“The Save Our Schools (SOS) UP Diliman has launched a campaign of geotagging communities, schools, institutions, groups and individuals that have been named or have declared themselves as Peace Sanctuaries for the children of the lumad or the indigenous peoples in Mindanao. Geotagging means adding geographical information to digital image, data and social media applications. The campaign works by encouraging individuals, organizations, schools, colleges, units and institutions to declare spaces and communities as a refuge or sanctuaries for lumad children who are displaced or threatened by the ongoing martial law in Mindanao,” UPD Professor and spokesperson of Save Our Schools (SOS) Network-Diliman Sharon Briones explained.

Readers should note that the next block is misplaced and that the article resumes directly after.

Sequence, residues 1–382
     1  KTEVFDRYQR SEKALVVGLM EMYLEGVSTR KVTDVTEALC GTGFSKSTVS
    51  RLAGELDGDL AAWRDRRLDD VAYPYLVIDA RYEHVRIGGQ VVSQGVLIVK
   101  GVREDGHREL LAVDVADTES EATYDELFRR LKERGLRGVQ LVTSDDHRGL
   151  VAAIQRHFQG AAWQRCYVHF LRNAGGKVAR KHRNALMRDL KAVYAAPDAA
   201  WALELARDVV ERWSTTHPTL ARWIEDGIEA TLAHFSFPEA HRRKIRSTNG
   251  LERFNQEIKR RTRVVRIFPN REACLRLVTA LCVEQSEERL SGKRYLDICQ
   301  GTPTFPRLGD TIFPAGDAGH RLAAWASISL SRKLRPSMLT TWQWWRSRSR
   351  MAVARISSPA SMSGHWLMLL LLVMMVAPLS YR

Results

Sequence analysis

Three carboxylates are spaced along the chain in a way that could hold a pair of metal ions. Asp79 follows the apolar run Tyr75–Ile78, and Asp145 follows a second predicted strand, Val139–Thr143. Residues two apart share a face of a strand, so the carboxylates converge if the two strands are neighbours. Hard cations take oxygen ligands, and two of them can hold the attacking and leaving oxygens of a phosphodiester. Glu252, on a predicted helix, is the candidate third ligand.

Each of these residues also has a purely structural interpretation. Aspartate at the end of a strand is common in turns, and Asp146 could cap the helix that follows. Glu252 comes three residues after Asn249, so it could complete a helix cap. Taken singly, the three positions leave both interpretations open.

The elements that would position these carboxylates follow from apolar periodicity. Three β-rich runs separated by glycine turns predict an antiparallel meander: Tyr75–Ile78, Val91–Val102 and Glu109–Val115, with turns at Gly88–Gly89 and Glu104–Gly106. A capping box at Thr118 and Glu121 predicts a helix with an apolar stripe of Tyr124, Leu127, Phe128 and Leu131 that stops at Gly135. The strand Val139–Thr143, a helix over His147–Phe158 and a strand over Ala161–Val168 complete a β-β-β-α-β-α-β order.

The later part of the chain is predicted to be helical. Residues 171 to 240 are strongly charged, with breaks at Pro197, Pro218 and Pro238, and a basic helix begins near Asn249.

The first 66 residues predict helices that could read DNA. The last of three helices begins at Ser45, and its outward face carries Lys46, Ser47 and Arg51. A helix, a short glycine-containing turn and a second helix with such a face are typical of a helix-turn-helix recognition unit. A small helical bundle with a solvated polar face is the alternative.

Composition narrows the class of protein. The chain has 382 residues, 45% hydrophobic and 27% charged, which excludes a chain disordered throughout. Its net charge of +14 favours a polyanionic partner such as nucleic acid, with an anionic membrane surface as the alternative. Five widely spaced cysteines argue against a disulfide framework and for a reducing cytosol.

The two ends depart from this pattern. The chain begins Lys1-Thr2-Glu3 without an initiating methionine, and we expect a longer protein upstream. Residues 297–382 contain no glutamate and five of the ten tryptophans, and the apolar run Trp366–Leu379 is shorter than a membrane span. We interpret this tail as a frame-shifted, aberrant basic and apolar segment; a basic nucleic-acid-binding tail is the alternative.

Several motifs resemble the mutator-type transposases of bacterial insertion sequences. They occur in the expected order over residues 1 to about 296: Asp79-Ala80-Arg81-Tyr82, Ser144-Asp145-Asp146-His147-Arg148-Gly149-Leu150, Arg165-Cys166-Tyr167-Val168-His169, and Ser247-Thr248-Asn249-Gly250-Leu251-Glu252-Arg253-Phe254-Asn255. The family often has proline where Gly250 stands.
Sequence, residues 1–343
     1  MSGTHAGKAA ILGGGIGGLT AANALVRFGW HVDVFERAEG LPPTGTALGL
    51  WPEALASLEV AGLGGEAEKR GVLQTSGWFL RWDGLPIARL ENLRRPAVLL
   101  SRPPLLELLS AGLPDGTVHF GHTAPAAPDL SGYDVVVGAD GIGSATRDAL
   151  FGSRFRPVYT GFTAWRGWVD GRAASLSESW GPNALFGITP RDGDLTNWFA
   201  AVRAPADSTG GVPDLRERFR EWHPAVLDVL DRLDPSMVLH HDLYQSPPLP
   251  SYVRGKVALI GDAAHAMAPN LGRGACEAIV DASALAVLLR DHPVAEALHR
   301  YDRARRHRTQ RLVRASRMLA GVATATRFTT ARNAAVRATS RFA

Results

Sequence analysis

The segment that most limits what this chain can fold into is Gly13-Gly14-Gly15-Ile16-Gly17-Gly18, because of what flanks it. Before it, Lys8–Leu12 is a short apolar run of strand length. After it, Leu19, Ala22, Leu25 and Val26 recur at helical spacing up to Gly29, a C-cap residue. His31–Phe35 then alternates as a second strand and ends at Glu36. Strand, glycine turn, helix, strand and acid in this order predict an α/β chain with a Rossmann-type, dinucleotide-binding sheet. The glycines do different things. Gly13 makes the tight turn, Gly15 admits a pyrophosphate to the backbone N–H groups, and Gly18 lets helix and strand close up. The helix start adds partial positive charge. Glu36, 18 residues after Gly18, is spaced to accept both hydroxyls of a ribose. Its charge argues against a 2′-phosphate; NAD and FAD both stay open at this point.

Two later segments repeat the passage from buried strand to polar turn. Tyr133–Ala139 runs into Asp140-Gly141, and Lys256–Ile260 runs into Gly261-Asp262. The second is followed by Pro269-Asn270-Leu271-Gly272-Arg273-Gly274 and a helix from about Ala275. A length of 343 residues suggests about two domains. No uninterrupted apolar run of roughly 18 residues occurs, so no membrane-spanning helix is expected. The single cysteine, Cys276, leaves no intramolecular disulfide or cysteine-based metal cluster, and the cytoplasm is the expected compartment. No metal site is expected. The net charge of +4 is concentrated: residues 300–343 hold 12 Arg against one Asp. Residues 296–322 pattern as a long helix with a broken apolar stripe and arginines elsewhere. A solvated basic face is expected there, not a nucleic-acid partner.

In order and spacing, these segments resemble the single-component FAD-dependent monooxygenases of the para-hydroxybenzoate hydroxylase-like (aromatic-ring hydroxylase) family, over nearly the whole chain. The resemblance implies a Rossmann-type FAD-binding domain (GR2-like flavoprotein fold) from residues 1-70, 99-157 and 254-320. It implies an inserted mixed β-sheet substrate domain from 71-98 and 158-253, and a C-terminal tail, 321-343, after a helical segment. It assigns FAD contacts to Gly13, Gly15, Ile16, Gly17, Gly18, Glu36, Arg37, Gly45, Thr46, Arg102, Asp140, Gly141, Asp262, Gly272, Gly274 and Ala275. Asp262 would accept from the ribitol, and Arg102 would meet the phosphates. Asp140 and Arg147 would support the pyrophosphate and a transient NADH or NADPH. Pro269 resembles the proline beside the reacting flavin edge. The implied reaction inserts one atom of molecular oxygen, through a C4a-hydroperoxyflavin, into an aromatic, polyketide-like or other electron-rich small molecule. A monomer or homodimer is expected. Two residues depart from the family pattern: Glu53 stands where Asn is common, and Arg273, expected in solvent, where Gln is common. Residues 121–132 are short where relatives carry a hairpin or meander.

UP Manila-PGH: Haven of hope and healing
The UP Manila-PGH Department of Pediatrics is a hub for collaborative and interdisciplinary research in health research. It has launched infrastructure projects prioritizing the delivery of quality patient care as well as providing an environment for recovery and healing. Among these projects is the Teddy Rey Healing Garden, which is an outdoor facility for pediatric patients as well as those with chronic illnesses and their caregivers. Right in the middle of the garden is the Dr. Artemio Jongco Gazebo, where patient-students of Silahis ng Kalusugan and their relatives gather after classes.
The Silahis ng Kalusugan is a school for the chronically ill. “The school was founded by Dr. Perla Santos Ocampo on September 23, 1996 and remains the only one of its kind in the Philippines. She was then the chair of the Department of Pediatrics when she convinced a special education teacher from the Division of City Schools, Manila, Estelita Samson, to hold classes for admitted patients,” Emma Alesna-Llanto wrote in a recent article.
UP Los Baños: Premium on life